In the instant case, Thomas acknowledged on several occasions that he understood his Miranda rights and the consequences of abandoning them. He also signed a written waiver asserting his understanding. Although a written statement is neither necessary nor by itself sufficient to establish waiver, it is strong proof that a waiver is valid. See North Carolina v. Butler, 441 U.S. 369, 373, 99 S.Ct. 1755, 60 L.Ed.2d 286 (1979). Thomas never indicated to investigating officers that he did not understand any aspect of his rights. The police officers did believe that Thomas was slow, but the officers undertook precautions so that Thomas was informed, including reading Thomas his rights using simple language, giving Thomas a form to read, and repeatedly asking Thomas if he understood his rights. There is no evidence that officers unduly influenced or coerced Thomas or that they promised anything in exchange for his confession. Thomas's taped confession demonstrates that Thomas “is able to plan, think rationally, and relate relevant facts in good detail when necessary.” Padmore v. State, 743 So.2d 1203, 1206 (finding juvenile defendant voluntarily waived Miranda rights despite limited IQ).
Accordingly, we affirm Thomas's convictions.
We do not reach the penalty phase issues.10 While this appeal has been pending, the Supreme Court has held that executing a mentally retarded offender is in violation of the United States Constitution. Atkins v. Virginia, 536 U.S. 304, 122 S.Ct. 2242, 153 L.Ed.2d 335 (2002). In response to Atkins, this Court adopted Florida Rule of Criminal Procedure 3.203, which became effective on October 1, 2004. We consider Thomas's mental retardation claim made in this appeal to be an invocation of rule 3.203(d)(4)(E).11 We therefore relinquish jurisdiction of this case to the circuit court for a determination of mental retardation pursuant to rule 3.203. Within thirty days of the entry of the circuit court's written order on the determination of mental retardation, the circuit court shall return the case to this Court for further proceedings as may be directed by this Court.
Accordingly, we affirm Thomas's convictions. We relinquish Thomas's claim of mental retardation to the circuit court for consideration in accord with rule 3.203.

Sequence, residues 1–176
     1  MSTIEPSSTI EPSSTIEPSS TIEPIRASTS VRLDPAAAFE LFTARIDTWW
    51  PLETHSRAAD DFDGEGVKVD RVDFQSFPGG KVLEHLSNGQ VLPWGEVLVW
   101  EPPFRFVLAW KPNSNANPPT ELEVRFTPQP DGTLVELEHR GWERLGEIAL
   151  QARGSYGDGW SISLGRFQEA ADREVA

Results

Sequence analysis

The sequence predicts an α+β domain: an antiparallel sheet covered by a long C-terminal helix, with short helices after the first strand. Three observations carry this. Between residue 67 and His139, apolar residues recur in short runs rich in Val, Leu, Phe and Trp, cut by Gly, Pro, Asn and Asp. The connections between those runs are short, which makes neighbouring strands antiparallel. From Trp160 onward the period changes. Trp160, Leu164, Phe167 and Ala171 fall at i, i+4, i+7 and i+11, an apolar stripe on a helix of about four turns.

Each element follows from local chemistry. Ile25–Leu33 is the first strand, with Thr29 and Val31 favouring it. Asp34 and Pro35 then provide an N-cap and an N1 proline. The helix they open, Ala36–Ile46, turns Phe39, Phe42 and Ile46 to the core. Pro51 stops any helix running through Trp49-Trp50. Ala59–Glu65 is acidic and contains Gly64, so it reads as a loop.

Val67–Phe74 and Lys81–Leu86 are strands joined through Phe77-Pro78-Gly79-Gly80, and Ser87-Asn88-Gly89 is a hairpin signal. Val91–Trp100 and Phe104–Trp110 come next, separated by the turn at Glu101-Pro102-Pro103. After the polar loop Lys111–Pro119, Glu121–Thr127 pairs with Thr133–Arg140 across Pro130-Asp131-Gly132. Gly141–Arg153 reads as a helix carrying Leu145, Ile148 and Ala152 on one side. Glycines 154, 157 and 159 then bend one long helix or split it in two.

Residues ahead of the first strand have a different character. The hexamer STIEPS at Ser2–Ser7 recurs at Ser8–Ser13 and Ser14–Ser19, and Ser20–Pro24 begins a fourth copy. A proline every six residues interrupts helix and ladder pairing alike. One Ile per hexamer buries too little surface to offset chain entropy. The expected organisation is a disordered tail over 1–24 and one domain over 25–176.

It is so ordered.
1. Miranda v. Arizona, 384 U.S. 436, 86 S.Ct. 1602, 16 L.Ed.2d 694 (1966).
2. State witness Albert Ridge, a sheriff's deputy, testified at trial that Thomas told Ridge that he had left his vehicle running while he was inside the convenience store and that someone stole the vehicle. Ridge did not notice any injuries to Thomas.
3. Investigators did not find a condom or condom wrapper at the hospital scene.
4. Thomas told Dr. Larson that on the night of Howard's death, Thomas drank a fifth and a half of gin, smoked marijuana, and ingested cocaine.
5. The aggravating factors were: (1) Thomas was serving a sentence of felony probation at the time of the murder; (2) Thomas had been previously convicted of a felony involving the use or threat of violence to the person (robbery without a weapon); (3) the capital felony was committed while Thomas was engaged in the commission of a kidnapping; and (4) the capital felony was especially heinous, atrocious, or cruel (HAC).
6. The capital felony was committed while Thomas was under extreme mental or emotional disturbance (great weight).
7. The nonstatutory mitigating factors were that Thomas (1) is mentally retarded with an IQ of 61 (significant weight); (2) had no relationship with his mother (slight weight); (3) obtained a certificate or diploma from high school, had good attendance, and did not present a disciplinary problem (no weight); (4) was a good worker (no weight); (5) was a model prisoner (moderate weight); (6) cooperated with law enforcement (slight weight); (7) never fled to evade arrest (no weight); (8) lacked an organized plan to kill (substantial weight); and (9) was a good child (some weight).
8. Thomas claims that the trial court committed reversible error by (1) denying Thomas's motion for judgment of acquittal for the sexual battery charge; (2) denying Thomas's motion for judgment of acquittal for the kidnapping charge; (3) sentencing Thomas to death despite evidence that Thomas was mentally retarded; (4) denying Thomas's motion to suppress Thomas's statements to police; (5) refusing to give weight to mitigation presented by Thomas; (6) refusing to find the statutory mitigator of substantial impairment of capacity to appreciate criminality or to conform conduct to the requirements of the law; and (7) imposing a death sentence that is not proportionate.
9. Thomas was adjudicated guilty of robbery with no weapon.
10. These issues are: (1) sentencing Thomas to death despite evidence that Thomas was mentally retarded; (2) refusing to give weight to mitigation presented by Thomas; (3) refusing to find the statutory mitigator of substantial impairment of capacity to appreciate criminality or to conform conduct to the requirements of the law; and (4) imposing a death sentence that is not proportionate.
11. Florida Rule of Criminal Procedure 3.203(d)(4)(E) states:If a death sentenced prisoner has filed a motion for postconviction relief and that motion has been ruled on by the circuit court and an appeal is pending on or before October 1, 2004, the prisoner may file a motion in the supreme court to relinquish jurisdiction to the circuit court for a determination of mental retardation within 60 days from October 1, 2004. The motion to relinquish jurisdiction shall contain a copy of the motion to establish mental retardation as a bar to execution, which shall be raised as a successive rule 3.851 motion, and shall contain a certificate by appellate counsel that the motion is made in good faith and on reasonable grounds to believe that the defendant is mentally retarded.Amendments to Fla. Rules of Crim. Pro., 875 So.2d 563, 571 (Fla.2004).
PARIENTE, C.J., and WELLS, ANSTEAD, LEWIS, QUINCE, CANTERO, and BELL, JJ., concur.